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You never want to sell when stocks are low. And as the markets endure huge pressure from ailing financial institutions, you couldn't pick a worse time to try to sell.

For a long time, investors have stayed relatively calm about the market decline. After just three days of violent swings during daily trading, however, the Dow is down 800 points. In the history of the S&P 500, there have only been nine days when the index dropped 50 points or more -- and we've gone through two of them already this week.

The ride may well stay bumpy for a while. That's going to make it harder than ever to follow your long-term investing plan. You might feel like you're throwing good money after bad. Yet that's exactly what would be best for many investors out there -- and it beats the pants off panic-selling into this maelstrom.

It's getting ugly
The last three days have seen the highest volume of shares traded in the NYSE's history. More than 26.7 billion shares traded hands in NYSE composite trading between Monday and Wednesday. Trades worth more than $190 billion were made in floor trading alone on the Big Board. That's a continuation of a trend throughout September -- every day last week, volume was 6 billion shares or more.

Just look at a list of some of the most actively traded issues from yesterday:


Average Volume

Shares Traded on 9/17


86.3 million

545.8 million

Morgan Stanley (NYSE: MS  )

28.7 million

329.0 million

Wachovia (NYSE: WB  )

96.0 million

243.6 million

General Electric (NYSE: GE  )

66.9 million

227.8 million

Ford (NYSE: F  )

65.0 million

122.9 million

Pfizer (NYSE: PFE  )

45.9 million

73.2 million

Time Warner (NYSE: TWX  )

25.2 million

45.7 million

Shares are trading hands at a furious pace. Because share prices have fallen so far, especially on AIG and the other financial stocks, it's a lot easier for even small investors to trade relatively large numbers of shares. But much of the activity is coming from traders who believe that they have to do something during the downturn to try to preserve capital.

When trading activity gets so heavy, it's impossible for traders to pay full attention to the fundamentals. Morgan Stanley, for example, saw its share price go as high as $26 and as low as $16 yesterday, before closing about in the middle of that range. That may be good news for day-traders, but that kind of volatility isn't coming from any deep, objective assessment of how a company's prospects are changing.

Look for opportunity
When traders forget about what actually gives stocks value -- things like future earnings, business prospects, and dividends -- you don't want to join their herd. If you decide that the only way to make money in a down market is to get more active, you're playing their game -- a game in which your inexperience and emotion will put you at a severe disadvantage.

Instead, stick to your plan, and find promising stocks for the long-term. Take advantage of bargain prices to load up on the companies you think will prosper for years to come. Given how many companies have gotten severely beaten down, a stock needs only to weather the current storm to do well.

Specifically, keep these things in mind:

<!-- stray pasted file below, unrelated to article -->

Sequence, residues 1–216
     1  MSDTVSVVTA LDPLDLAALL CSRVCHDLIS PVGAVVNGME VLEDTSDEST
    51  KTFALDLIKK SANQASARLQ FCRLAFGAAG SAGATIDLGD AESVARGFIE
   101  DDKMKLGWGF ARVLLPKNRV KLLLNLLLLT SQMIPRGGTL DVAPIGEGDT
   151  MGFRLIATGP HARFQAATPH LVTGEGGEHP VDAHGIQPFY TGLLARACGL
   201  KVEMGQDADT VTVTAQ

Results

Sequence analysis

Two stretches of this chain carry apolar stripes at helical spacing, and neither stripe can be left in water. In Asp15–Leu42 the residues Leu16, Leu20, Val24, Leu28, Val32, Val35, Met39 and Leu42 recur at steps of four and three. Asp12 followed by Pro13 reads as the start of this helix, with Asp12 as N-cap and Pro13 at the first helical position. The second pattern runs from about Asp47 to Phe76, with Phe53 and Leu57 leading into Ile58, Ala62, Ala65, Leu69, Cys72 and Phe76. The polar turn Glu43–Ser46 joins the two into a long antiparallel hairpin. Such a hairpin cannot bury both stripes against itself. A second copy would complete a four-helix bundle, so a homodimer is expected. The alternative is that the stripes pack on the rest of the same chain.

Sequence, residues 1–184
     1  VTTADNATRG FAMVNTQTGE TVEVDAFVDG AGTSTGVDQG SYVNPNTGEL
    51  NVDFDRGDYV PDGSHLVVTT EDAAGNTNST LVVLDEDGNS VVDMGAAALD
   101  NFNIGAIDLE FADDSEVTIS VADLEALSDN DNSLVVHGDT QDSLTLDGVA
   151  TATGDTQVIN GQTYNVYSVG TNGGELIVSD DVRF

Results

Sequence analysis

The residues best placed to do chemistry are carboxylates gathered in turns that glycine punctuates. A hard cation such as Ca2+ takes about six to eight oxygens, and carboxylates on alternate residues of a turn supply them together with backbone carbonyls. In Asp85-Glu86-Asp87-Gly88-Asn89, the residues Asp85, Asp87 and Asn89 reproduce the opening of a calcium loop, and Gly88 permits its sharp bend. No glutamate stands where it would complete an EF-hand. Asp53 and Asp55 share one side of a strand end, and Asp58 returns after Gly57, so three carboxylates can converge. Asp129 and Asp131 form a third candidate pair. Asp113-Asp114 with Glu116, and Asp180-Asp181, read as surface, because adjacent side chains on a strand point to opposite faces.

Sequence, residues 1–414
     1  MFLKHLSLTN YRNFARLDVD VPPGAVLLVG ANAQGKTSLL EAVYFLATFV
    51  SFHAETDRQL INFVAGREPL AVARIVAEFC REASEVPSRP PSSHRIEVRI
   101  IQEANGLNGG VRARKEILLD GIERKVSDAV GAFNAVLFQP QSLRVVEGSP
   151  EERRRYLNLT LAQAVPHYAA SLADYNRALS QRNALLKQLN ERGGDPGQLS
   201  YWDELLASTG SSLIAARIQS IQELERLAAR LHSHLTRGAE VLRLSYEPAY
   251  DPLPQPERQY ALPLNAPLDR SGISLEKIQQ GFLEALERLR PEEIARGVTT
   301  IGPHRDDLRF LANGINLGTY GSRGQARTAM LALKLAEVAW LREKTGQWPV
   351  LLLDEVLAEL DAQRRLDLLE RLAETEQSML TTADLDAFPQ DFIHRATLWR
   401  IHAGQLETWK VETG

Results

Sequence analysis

• Know your stocks. Don't buy into a stock just because it's cheap. Make sure you know why it's cheap, along with the challenges it faces and how you think it will overcome them.
  • Pick your price. With share prices falling nearly every day, you can afford to be choosy. Decide how much you think a stock is worth, give yourself a margin of safety, and wait for the market to come down to your level.
  • Be ready for more losses. In all likelihood, if you buy stocks now, you're not going to pick the exact bottom. That's not a problem, as long as you're prepared. At this point, you shouldn't be focused on what your stock will be worth next month. Instead, think about what it'll be worth in several years, when all this is a bad memory.

Most importantly, try to stay calm. The investor with the most patience will end up making the most money from this tough period for the market.

More on the current financial crisis:

Lots of stocks are cheap now, but which ones have real value? If you want some advice on which stocks are best to buy now, read our Motley Fool Inside Value newsletter. You'll find plenty of recommendations, along with up-to-the-minute commentary and discussion to help guide you. It's all free with a 30 day trial.

Fool contributor Dan Caplinger is seeing some great investments get thrown out with the bathwater. He owns shares of General Electric. Pfizer is a Motley Fool Income Investor pick and a Motley Fool Inside Value recommendation. Try any of our Foolish newsletters today, free for 30 days. The Fool's disclosure policy will wait up for you.

Read/Post Comments (1) | Recommend This Article (7)

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Help us keep this a respectfully Foolish area! This is a place for our readers to discuss, debate, and learn more about the Foolish investing topic you read about above. Help us keep it clean and safe. If you believe a comment is abusive or otherwise violates our Fool's Rules, please report it via the Report this Comment Report this Comment icon found on every comment.

  • Report this Comment On September 18, 2008, at 7:23 PM, jeffduby wrote:

    The thing that seems to "scare" me the most about all of this is that the high volumes aren't simply from panicked Joe Blows. These are experienced fund managers and investors that are running around like chickens with their heads cut off!. All I know, is that I have crushed the s&p 500 during this period, and I'm gonna grab some more great deals on the next day of implosion!

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